Pairing functions are fun. Last week, we had a look at the Cantor/Hopcroft and Ullman function, and this week, we’ll have a look at the Rosenberg-Strong function—and we’ll modify it a bit.

## Mœud

July 31, 2018Pairing functions are used to reversibly map a pair of number onto a single number—think of a number-theoretical version of `std::pair`. Cantor was the first (or so I think) to propose one such function. His goal wasn’t data compression but to show that there are as many rationals as natural numbers.

Cantor’s function associates pairs (i,j) with a single number:

…but that’s not the only way of doing this. A much more fun—and spatially coherent—is the boustrophedonic pairing function.

## The Well-Tempered Palette (Part 2)

July 17, 2018Last week, we’ve had a look at how to distribute maximally different colors on the RGB cube. But I also remarked that we could use some other color space, say HSV. How do we distribute colors uniformly in HSV space?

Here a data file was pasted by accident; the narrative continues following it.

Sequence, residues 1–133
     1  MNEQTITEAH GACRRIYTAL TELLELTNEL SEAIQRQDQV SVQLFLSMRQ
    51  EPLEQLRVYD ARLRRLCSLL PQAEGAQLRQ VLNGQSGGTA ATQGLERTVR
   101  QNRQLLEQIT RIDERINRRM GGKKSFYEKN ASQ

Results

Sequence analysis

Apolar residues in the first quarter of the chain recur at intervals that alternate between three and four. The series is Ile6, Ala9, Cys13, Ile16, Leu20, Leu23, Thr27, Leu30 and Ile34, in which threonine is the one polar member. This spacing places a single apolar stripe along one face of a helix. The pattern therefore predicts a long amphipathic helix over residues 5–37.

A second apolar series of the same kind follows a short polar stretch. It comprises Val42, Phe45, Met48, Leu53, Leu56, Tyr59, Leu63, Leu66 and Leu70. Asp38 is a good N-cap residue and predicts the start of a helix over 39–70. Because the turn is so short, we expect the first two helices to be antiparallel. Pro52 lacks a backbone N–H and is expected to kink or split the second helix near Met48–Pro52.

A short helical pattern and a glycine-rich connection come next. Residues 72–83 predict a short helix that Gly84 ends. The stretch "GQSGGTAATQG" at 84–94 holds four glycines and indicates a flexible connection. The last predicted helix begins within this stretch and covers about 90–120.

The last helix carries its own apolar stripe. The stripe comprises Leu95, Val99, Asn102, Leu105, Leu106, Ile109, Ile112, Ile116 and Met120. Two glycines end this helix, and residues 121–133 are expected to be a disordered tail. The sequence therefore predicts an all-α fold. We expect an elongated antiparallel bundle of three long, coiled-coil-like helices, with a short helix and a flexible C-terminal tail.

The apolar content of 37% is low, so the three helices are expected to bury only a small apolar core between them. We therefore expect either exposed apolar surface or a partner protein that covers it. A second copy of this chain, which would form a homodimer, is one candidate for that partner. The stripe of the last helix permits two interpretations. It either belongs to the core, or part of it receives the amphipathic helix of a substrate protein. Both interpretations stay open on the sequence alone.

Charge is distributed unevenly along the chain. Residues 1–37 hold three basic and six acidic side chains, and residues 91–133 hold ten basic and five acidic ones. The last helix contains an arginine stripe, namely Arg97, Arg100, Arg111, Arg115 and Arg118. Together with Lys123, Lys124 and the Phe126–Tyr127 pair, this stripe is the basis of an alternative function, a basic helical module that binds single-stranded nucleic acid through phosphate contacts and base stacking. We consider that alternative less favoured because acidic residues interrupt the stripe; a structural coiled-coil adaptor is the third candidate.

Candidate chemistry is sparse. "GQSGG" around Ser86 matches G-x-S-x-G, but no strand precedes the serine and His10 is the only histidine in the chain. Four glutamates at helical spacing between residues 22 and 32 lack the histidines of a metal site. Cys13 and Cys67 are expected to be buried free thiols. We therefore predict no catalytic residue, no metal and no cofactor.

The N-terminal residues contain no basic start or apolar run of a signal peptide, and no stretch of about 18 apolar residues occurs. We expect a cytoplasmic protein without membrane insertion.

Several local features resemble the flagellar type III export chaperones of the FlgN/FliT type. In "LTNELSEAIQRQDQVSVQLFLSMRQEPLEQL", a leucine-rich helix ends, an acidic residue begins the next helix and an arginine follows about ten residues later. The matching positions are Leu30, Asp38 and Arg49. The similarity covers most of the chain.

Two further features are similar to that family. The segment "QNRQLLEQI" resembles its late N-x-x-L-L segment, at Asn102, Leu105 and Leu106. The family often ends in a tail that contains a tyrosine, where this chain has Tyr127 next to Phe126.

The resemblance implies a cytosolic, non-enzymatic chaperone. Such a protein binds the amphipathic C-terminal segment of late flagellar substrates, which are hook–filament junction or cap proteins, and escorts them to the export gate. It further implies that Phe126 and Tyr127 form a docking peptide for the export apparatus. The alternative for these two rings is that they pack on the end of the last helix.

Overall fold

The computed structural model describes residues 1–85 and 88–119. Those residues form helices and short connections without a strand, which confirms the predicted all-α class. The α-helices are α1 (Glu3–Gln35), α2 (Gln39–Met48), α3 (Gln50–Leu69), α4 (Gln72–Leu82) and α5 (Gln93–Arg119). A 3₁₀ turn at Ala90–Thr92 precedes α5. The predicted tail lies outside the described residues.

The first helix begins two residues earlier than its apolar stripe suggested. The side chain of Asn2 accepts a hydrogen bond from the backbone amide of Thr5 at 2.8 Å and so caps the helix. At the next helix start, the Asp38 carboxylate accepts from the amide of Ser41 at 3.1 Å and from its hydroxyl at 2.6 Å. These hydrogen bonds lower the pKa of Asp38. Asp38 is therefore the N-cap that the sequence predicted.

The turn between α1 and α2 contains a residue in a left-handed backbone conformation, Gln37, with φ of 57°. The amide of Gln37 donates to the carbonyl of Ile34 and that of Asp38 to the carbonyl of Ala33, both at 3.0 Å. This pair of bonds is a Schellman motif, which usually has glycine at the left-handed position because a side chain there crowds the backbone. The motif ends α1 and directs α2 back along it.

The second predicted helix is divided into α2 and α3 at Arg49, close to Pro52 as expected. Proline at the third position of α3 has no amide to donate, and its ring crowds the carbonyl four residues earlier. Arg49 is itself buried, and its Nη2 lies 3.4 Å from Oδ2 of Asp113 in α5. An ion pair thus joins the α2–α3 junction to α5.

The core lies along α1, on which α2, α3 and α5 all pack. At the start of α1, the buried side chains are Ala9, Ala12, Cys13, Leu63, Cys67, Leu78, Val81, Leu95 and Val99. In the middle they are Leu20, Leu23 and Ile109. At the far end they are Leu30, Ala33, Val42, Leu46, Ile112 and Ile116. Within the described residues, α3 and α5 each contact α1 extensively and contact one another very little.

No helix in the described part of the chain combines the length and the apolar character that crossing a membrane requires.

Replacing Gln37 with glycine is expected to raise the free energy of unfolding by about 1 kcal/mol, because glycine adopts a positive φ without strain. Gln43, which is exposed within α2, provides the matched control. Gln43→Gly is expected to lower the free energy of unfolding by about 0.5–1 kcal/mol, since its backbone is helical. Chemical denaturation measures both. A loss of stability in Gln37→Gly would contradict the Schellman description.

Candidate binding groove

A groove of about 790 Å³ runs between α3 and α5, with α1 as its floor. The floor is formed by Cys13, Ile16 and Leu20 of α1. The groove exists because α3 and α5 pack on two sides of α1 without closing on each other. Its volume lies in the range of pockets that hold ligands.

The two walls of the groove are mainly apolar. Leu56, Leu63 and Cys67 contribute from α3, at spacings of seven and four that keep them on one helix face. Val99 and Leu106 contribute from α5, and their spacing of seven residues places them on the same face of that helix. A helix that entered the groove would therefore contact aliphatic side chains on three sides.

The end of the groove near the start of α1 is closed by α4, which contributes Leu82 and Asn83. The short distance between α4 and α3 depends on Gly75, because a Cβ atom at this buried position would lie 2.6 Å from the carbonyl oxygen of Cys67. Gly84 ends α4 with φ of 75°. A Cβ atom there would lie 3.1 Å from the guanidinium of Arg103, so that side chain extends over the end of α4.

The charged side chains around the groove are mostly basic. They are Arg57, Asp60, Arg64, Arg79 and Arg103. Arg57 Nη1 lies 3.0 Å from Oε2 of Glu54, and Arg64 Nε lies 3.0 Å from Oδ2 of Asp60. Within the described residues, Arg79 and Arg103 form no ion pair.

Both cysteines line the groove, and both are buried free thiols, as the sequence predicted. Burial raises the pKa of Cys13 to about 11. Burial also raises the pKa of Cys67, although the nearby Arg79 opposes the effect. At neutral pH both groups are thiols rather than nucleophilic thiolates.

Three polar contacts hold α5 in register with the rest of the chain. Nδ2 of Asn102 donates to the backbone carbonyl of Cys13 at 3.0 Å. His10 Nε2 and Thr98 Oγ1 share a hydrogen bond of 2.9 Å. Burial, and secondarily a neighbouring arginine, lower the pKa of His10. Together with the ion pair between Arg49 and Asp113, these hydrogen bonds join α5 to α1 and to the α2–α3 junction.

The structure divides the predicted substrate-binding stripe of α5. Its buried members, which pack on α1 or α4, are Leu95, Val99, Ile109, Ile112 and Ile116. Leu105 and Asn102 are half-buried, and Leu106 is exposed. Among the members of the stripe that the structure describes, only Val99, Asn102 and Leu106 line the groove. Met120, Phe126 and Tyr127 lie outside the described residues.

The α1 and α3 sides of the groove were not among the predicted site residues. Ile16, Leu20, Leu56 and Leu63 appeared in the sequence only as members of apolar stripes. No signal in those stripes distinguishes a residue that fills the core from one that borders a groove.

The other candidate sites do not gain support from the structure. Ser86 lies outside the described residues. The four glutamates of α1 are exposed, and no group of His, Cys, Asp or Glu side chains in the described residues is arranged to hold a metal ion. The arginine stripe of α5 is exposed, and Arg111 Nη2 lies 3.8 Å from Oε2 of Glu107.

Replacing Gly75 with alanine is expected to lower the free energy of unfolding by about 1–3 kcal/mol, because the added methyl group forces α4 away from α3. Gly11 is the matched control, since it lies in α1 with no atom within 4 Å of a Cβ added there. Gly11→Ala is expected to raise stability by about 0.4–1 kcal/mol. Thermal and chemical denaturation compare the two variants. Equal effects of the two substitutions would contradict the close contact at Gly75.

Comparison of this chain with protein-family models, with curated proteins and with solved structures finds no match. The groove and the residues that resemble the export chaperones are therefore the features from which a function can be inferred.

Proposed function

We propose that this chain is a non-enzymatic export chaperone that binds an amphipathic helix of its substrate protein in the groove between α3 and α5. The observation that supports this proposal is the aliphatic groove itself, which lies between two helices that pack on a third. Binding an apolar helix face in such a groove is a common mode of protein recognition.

## Paeth’s Method (Square Roots, Part VII)

March 13, 2018In *Graphics Gems* [1], Paeth proposes a fast (but quite approximate) method for the rapid computation of hypotenuse,

.

The goal here is to get rid of the big bad because it is deemed “too expensive”—I wonder if that’s still actually true. First, he transforms the above equation:

## Random Points on a Sphere (Generating Random Sequences III, Revisited)

February 27, 2018While searching for old notes—that I haven’t found anyway—I returned to an old blog entry and I thought I was kind of unsatisfactory, with be best part being swept under the carpet with a bit a faery dust, and very handwavingly.

So let’s work-out how to uniformly distribute points on a sphere in a more satisfactory fashion.

## Square roots (Part VI)

February 20, 2018I’ve discussed algorithms for computing square roots a couple of times already, and then some. While sorting notes, I’ve came across something interesting: Archytas’ method for computing square roots.

Archytas’ method is basically the old Babylonian method, where you first set

,

,

and iterate

,

,

until desired precision is achieved (or the scribe is exhausted).

## Unary numbers.

February 13, 2018A positional number system needs a base that is either greater than one, or smaller than minus one—yes, we can have a negative base for a number system. The system, however, seems to break down if the base we chose is base 1.

If the base is 1, then there are no permissible digits since the digits , in a base system, must be . But we can still represent numbers using just 1s. That's the unary numeral system, and numbers are just represented as repeated 1s. 15? Fifteen ones: 111111111111111. Operations? Not very complicated, just… laborious.